Teaching: updating AAVE?
mkuha at BSUVC.BSU.EDU
Sun Sep 23 17:18:18 UTC 2001
I apologize for having taken this long to acknowledge the helpful feedback
on my question about approaches to the AAVE verbal system in introductory
courses-- it took a while to mull over the ideas.
One important point emerges from the discussion so far: we should keep in
mind the goals of the particular course and the background of the
I'm collecting the sources of examples suggested. My memory of the ones
that I had read before is that I would've liked to see even more of a
variety of structures represented in the examples: how do speakers form
negatives and interrogatives with various combinations of "bin" and
"d at n"...?
There seems to be a general sense on both teach-ling and ADS-L that
approaching AAVE verbal issues as a system is important, but excessive
terminology (and excessive exposure to complexity??) would do more harm
than good, so a reasonable approach might be to focus on a few structures
and look at the rest of the system in less detail.
Actually, this is similar to what I've been doing so far: I focus on
habitual BE and stressed BIN, indicating that they are part of a larger
system. I've felt that the existence of the overall system gets lost in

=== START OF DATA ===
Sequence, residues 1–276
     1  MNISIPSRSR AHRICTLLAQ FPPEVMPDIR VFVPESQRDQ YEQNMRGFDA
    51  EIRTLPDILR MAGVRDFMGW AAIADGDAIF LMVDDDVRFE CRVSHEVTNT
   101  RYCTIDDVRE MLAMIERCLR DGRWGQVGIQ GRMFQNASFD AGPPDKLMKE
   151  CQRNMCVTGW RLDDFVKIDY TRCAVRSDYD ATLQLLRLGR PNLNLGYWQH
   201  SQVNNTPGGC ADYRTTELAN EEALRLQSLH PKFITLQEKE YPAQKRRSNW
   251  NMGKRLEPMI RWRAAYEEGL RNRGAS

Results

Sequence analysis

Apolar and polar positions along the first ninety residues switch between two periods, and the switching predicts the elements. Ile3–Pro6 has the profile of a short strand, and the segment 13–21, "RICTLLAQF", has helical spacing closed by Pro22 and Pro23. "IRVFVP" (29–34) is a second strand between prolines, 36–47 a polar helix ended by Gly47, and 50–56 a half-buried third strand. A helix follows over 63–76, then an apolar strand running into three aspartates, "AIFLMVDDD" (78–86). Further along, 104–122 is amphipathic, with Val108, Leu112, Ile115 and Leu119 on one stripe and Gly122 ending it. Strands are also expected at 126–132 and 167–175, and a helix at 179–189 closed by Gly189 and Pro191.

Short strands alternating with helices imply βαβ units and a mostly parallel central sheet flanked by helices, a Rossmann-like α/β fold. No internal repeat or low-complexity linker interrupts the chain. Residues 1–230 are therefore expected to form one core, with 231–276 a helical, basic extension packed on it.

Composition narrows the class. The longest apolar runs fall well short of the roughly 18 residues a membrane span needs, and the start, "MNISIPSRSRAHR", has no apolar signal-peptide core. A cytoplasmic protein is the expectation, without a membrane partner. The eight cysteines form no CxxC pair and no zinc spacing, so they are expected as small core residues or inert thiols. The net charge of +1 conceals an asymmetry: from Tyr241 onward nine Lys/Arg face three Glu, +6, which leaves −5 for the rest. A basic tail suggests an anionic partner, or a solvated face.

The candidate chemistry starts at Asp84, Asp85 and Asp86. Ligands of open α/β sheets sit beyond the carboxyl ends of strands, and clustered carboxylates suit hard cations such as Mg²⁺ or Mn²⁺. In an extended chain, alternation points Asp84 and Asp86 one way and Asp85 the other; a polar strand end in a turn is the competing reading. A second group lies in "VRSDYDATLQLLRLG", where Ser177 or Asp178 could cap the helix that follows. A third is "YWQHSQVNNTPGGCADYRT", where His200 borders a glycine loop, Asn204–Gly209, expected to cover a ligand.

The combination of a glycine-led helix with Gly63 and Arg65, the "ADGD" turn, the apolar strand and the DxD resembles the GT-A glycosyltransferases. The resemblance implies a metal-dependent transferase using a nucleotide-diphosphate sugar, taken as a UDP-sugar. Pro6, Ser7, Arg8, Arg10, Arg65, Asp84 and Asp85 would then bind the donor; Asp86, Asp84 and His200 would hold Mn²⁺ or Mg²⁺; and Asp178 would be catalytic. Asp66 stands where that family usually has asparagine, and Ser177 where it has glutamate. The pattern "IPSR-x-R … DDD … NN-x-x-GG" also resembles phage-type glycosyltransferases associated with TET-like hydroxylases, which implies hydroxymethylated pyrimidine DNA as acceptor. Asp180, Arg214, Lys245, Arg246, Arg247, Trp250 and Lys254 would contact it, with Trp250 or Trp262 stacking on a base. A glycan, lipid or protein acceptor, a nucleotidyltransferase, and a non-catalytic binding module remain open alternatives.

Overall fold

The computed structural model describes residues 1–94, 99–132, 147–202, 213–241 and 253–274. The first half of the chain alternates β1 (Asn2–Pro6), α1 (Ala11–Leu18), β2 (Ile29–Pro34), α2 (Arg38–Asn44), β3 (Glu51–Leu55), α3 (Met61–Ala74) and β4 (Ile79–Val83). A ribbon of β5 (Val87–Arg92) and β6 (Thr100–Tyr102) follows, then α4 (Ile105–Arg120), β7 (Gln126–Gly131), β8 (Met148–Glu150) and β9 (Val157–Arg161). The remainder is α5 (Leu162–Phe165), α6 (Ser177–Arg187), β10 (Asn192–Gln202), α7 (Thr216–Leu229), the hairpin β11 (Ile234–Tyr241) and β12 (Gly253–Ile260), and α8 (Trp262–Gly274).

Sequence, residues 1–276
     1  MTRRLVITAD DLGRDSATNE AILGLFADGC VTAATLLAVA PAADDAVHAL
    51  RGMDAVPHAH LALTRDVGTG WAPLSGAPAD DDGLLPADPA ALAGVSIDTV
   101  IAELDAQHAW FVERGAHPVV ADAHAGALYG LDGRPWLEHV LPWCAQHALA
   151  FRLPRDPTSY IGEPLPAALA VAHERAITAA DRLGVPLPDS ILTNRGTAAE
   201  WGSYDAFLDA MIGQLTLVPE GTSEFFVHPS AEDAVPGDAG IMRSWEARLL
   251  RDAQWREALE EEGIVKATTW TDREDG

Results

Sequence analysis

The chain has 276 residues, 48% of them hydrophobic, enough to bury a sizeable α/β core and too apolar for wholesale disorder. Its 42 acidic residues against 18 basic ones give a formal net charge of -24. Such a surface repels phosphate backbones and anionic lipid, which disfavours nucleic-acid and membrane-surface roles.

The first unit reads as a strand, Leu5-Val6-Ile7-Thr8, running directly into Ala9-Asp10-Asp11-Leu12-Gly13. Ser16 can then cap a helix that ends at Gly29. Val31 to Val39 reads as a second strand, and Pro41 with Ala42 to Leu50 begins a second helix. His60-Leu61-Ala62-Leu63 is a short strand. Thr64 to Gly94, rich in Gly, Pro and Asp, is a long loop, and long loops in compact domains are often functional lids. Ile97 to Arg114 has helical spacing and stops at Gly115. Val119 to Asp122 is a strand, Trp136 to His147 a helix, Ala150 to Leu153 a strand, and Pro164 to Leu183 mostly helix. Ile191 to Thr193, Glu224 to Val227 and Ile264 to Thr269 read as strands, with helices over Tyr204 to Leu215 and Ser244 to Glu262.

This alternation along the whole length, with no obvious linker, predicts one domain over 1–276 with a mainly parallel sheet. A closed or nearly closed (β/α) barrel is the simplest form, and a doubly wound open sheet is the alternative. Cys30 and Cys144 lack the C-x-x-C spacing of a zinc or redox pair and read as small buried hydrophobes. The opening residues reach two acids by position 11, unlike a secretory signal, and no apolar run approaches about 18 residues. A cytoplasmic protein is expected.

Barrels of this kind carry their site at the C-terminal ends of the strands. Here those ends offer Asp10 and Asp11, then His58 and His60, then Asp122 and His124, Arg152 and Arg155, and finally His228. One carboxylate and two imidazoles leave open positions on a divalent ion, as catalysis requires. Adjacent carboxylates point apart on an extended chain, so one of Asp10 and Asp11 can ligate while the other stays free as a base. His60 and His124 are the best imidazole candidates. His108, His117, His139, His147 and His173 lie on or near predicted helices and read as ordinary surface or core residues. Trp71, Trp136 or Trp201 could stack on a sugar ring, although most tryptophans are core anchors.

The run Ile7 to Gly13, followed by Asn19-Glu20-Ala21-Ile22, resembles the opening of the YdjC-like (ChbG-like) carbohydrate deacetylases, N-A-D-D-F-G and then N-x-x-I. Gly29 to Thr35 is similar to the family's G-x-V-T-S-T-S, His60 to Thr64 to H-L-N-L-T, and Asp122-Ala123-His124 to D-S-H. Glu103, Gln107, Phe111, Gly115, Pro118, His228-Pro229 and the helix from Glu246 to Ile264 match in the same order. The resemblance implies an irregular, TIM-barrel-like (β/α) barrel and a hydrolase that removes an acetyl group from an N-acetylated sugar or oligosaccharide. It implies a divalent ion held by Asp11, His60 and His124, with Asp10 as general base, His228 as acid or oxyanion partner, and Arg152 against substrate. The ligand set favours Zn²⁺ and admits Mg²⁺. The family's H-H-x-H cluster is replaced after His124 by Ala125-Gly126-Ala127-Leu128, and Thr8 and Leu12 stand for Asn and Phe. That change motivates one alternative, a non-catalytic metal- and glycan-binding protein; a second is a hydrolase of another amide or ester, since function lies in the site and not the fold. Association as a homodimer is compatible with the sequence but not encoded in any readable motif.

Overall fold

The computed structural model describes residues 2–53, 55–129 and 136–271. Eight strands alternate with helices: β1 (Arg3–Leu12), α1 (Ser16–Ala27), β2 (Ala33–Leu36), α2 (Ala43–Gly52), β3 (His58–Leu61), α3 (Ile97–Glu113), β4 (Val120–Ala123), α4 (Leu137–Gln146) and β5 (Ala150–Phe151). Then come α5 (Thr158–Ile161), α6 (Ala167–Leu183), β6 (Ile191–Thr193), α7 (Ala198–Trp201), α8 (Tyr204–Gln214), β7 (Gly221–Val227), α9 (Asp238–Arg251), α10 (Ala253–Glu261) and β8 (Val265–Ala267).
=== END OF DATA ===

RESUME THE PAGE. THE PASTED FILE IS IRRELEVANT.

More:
this approach, but maybe the key is to give the rest of the system a
little more air time, but not too much. (But what to do with "is 'bin d at n'
on the test?"...) Probably it would also be better not to rely on standard
AmE "paraphrases" or "translations", but to explain meanings visually
(time lines?) or by giving enough conversational context, as in Rebecca
The helpful discussion from the lists has also helped me articulate a
point I couldn't quite pin down earlier: highlighting just a few parts of
the verbal system may make it difficult to avoid terminology that
implicitly assumes standard AmE as a reference point. That is, what will
we call "BE omission" or "BE deletion" if the whole system is not under
Thanks to all for your help.
Mai Kuha mkuha at bsuvc.bsu.edu
Department of English (765) 285-8410
Ball State University
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